Snow Inexplicably Covers The Sahara Desert For The First Time In 37 Years

Karim Bouchetata/Facebook

The Sahara desert is bigger than the entire United States. That, to me, is incredible.

But today, I found out that there’s something more incredible than the size of the Sahara: Someone recently found snow falling on sand dunes there.

In a northeastern Algerian town called Ain Serra, or “The Gateway to the Sahara,” photographer Karin Bouchetata captured the snow placed delicately on top of orange sand dunes. He told Gizmodo he was “stunned” to see white powder in the desert, calling it “an incredibly rare occurrence.” And he’s not kidding when he says that it’s rare.

The last major snowfall came on February 18, 1979, when snow fell for about 30 minutes. Traffic came to a complete stop, as drivers were surprised by the snow.

Since that day 37 years ago, there have been some instances of “snow” in the Sahara in 2005 and 2012, but they were considered light dustings. Nothing like the snow that partially covered an entire section of the desert.

The scene didn’t last long, as the snow reportedly melted off the next day.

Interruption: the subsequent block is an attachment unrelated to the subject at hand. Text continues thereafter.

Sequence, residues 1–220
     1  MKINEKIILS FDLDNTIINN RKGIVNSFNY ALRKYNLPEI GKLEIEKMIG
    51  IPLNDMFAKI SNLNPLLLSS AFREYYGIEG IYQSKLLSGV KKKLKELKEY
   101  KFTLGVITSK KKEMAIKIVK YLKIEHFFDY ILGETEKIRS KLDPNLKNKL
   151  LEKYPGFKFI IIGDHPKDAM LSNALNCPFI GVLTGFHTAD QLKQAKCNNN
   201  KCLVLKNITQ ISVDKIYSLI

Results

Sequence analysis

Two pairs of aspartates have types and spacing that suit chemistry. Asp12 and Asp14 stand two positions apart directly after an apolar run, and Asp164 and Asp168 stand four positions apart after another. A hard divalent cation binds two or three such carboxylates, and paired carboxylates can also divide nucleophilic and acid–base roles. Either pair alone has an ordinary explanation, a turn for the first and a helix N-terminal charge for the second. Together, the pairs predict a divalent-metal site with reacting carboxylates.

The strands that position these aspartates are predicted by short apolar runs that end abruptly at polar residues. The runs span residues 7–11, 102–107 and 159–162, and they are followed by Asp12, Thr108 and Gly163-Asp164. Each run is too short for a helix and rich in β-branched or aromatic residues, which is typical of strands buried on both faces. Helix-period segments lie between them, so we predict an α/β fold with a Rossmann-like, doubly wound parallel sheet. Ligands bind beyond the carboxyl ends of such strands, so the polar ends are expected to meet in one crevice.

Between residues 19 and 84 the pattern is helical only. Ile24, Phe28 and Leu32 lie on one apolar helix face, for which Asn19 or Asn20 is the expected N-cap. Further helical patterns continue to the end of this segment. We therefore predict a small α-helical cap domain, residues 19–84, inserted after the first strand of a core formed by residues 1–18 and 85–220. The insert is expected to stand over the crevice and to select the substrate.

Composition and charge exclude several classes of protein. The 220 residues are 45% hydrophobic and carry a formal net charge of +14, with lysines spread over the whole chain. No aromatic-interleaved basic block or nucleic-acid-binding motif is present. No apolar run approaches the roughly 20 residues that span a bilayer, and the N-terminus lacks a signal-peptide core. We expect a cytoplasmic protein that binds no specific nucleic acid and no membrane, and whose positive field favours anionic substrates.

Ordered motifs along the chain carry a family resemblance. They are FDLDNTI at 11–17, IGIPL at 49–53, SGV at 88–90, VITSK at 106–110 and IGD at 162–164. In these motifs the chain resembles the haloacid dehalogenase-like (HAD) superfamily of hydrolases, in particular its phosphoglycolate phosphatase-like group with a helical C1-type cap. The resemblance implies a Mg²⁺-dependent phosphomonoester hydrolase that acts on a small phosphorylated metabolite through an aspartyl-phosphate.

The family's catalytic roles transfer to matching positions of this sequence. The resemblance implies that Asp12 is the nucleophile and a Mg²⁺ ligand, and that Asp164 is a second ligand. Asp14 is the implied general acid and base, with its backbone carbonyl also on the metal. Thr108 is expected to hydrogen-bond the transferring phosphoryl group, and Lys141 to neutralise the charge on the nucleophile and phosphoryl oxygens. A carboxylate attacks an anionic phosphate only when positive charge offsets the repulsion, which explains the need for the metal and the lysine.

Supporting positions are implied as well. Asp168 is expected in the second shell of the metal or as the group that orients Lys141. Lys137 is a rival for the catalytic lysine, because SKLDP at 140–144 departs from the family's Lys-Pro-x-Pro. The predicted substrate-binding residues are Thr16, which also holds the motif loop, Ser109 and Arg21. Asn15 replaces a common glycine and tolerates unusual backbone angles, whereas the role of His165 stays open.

The town of Ain Serra, which is 1,000 feet above sea level, is surrounded by the Atlas Mountains. The range receives some snowfall and lots of rainfall each year in higher elevations. There is even enough snow at times for people to ski a portion of the mountains that is in Algeria.

But there is no explanation as to why it snowed in Ain Serra, the largest hot desert on the planet. What we do know though is that it looks beautiful when it snows in the Sahara.

Bouchetata’s pictures have been compared to an orange creamsicle. Personally, I think these photos could have been inspirations for Bob Ross. I can see him now, painting “happy trees” along the foreground, with snow-capped orange sand dunes in the background.


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